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Kobe Bryant's next deal: It could take a bit of time

November 30, 2009 |  4:49 pm

First things first, he's not going anywhere. I'd be shocked- I'm talking flying-hippos-Best Picture-nomination-KobePacers for-Ninja Assassins-Supreme Court-appointment-for-Ron Jeremy shocked- if Kobe Bryant's next contract wasn't inked with the Los Angeles Lakers, but the how and when is still a little iffy, in no small part due to the labor climate taking shape in the NBA. On the other hand, the extension considered a foregone conclusion a few months ago hasn't been signed. What gives?

Salary cap guru Larry Coon, writing for the New York Times, explains:

"...The real reason might be that signing an extension isn’t his best course of action. Bryant can guarantee himself more money by first becoming a free agent, and then re-signing with the Lakers. The reason for this is pretty obscure — the salary in the first year of an extension cannot exceed the player’s maximum salary (105% of the player’s previous salary, or the league-wide maximum salary by years of service, whichever is greater), and it is amended downward if necessary to conform to this rule. The start of Bryant’s extension would coincide with the start of the next collective bargaining agreement, which could change the way maximum salaries are calculated. If it does, the salary in Bryant’s extension would be subject to the new rules. Depending on how negotiations go, it is possible he could face a significant pay cut.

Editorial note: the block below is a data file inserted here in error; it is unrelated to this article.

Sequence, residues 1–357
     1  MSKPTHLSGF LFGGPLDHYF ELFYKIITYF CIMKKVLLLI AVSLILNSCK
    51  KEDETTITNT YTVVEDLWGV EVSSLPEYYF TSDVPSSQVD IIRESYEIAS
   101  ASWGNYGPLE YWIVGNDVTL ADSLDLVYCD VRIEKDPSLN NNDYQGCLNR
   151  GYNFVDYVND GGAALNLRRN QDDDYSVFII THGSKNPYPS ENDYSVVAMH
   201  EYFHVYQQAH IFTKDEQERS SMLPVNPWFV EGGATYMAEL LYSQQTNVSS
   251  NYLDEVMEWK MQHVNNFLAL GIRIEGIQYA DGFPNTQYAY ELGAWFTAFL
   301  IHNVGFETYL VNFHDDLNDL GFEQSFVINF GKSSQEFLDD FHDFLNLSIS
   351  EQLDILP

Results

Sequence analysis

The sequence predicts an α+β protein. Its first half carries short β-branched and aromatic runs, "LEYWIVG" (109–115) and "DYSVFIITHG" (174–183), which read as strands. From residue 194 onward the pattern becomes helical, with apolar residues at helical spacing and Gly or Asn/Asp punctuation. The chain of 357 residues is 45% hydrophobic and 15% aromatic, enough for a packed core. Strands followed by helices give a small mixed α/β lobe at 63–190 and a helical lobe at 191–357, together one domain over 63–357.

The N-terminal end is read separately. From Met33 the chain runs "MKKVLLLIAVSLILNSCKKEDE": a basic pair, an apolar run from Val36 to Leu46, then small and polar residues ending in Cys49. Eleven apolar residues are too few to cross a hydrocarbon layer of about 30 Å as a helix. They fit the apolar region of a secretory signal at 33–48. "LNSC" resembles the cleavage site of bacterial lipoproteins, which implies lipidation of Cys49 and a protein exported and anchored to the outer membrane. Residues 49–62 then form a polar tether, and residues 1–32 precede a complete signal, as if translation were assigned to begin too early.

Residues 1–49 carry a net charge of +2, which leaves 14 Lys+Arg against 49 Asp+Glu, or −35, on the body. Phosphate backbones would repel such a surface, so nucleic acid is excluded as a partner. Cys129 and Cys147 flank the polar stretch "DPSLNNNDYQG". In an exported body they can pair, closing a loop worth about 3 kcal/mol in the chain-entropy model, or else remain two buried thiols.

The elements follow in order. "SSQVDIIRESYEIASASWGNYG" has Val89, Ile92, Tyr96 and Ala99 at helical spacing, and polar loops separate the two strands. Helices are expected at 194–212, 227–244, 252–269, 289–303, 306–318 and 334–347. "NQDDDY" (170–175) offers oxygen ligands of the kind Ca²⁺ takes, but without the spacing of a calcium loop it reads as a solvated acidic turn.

However, by becoming a free agent in 2010 and signing a new contract instead, Bryant would lock in his salary entirely under the terms of the current agreement. His salary would not be subject to amendment in 2011, as it would be with an extension..."

Whether he technically enters the free agent market or not, the Lakers hold two great trump cards over any other team. First, they can pay him more. Second, there isn't another team he can go to offering a better chance at sustained, ring-generating excellence than the Lakers. So again, he's not going anywhere, but the business side of things is still pretty interesting.